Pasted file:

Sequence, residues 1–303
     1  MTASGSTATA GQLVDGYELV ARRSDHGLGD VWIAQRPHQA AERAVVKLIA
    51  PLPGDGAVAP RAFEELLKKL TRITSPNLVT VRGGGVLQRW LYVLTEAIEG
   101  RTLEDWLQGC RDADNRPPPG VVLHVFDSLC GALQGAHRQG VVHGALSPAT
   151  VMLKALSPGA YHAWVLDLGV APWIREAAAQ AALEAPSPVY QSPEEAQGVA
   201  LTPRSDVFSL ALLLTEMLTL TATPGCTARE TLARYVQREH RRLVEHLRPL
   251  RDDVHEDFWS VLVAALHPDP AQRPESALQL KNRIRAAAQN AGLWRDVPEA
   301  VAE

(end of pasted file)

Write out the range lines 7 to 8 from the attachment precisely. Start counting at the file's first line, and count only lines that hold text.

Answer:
   251  RDDVHEDFWS VLVAALHPDP AQRPESALQL KNRIRAAAQN AGLWRDVPEA
   301  VAE